On the night of 7/8 December 1941, Japanese units began to invade northern Malaya and southern Thailand, with the ultimate aim of taking the important British base at Singapore. Commonwealth forces were ill-equipped to prevent the advance, and Japanese troops swiftly moved through Malaya by land, through the jungle, and by seaborne landings. On 11 January 1942, Kuala Lumpur fell to the Japanese. By the end of the month, Commonwealth forces had withdrawn to Singapore.

The British colony of Singapore was a strategically vital base for command of the sea, and was intended to support the defence of India and Australia. Although it was intended to be a fortress, its fixed defences had been constructed mainly to guard against attack from the sea. By January 1942, many of those protecting the island had taken part in the demoralising retreat across Malaya. Several units were under strength or inadequately trained, with limited equipment and air cover.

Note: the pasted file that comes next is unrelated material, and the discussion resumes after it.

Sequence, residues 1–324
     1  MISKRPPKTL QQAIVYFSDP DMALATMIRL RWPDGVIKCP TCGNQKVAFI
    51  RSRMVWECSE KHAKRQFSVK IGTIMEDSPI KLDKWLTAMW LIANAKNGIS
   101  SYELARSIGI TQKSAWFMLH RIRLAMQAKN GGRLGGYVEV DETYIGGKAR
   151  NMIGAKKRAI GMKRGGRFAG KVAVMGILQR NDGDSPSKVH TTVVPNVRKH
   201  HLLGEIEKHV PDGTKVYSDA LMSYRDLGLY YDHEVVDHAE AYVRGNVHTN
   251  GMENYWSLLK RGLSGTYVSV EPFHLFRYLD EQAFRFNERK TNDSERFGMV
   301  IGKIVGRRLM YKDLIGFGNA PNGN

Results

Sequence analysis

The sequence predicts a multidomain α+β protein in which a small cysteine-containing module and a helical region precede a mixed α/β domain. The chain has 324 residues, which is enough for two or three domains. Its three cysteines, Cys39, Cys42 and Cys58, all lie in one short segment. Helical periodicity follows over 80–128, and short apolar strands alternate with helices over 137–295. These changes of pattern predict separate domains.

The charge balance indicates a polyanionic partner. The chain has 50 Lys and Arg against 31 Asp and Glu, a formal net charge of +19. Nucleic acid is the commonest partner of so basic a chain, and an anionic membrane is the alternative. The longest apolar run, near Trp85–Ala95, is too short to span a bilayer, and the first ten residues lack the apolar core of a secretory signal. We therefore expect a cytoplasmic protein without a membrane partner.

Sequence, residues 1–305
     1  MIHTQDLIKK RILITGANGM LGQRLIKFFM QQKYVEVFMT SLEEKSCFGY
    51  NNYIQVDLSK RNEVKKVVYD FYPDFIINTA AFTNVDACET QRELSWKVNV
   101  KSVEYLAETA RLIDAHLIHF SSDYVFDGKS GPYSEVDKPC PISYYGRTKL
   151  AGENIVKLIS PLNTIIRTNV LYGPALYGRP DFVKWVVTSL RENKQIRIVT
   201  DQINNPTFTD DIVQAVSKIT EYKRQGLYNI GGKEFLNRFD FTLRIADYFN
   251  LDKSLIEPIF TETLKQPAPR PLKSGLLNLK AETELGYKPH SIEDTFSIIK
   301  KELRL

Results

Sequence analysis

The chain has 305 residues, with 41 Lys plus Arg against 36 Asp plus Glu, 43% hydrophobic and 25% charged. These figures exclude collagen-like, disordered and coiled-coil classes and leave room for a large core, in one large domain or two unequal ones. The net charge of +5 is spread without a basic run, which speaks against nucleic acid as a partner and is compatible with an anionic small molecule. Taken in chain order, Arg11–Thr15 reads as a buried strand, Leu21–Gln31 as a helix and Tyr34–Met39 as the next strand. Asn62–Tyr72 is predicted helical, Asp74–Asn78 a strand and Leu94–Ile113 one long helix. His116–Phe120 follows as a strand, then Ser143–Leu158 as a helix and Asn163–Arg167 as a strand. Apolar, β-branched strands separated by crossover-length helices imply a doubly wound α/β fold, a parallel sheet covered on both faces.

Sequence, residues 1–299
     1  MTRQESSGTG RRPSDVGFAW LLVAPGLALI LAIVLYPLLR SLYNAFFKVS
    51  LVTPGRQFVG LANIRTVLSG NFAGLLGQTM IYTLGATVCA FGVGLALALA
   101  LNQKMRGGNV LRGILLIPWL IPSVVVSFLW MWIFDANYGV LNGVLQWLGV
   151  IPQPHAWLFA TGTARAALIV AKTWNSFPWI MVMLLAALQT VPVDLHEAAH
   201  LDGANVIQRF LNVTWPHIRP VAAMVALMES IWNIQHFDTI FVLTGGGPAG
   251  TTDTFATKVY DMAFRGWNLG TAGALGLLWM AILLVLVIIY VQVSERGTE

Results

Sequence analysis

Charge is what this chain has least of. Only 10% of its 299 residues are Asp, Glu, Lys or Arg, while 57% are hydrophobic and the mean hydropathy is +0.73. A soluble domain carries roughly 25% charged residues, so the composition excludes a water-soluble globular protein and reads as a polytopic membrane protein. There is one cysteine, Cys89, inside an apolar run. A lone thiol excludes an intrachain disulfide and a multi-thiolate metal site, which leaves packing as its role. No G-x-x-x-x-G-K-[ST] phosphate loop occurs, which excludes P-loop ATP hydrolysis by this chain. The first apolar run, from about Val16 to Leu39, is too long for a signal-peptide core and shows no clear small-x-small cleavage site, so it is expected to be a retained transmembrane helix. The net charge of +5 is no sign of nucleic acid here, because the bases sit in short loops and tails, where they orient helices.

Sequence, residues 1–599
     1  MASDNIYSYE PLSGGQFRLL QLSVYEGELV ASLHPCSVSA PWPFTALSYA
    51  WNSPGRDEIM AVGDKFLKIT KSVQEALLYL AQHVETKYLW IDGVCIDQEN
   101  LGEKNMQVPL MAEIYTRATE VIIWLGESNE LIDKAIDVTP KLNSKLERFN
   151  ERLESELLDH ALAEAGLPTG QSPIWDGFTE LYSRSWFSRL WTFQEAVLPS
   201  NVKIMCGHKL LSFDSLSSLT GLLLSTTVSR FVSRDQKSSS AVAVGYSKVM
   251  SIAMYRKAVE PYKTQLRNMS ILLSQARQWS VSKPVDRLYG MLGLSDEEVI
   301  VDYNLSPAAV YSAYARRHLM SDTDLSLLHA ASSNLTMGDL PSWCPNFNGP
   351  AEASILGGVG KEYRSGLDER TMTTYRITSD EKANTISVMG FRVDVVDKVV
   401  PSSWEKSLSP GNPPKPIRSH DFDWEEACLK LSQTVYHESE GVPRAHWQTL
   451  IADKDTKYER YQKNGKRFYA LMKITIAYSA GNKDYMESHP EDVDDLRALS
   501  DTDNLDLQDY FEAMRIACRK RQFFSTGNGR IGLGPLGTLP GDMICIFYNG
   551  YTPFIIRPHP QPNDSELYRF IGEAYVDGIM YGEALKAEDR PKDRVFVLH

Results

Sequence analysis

After a few days of fighting, the garrison surrendered on 15 February 1942, and thousands of Australian, British and Indian troops were taken captive.

Japanese forces had advanced around 600 miles in only 54 days, with fewer than 50,000 casualties. British, Australian, Indian and other Commonwealth forces suffered over 138,000 casualties, of whom more than 130,000 were prisoners of war.

Some 24,000 of those who lost their lives in the region and have no known grave, many of whom died while in captivity, are commemorated by name on the CWGC Singapore Memorial. It stands in CWGC Kranji War Cemetery, where 4,500 service personnel are buried or commemorated.


As part of the commemorations for the 75th Anniversary of The Battle of Singapore, there will be an event at CWGC Kranji War Cemetery and Singapore Memorial which is open to the public. It will take place at 4.30pm on Wednesday, February 15.


Read and download the new CWGC Kranji War Cemetery Leaflet to help plan your journey to this site.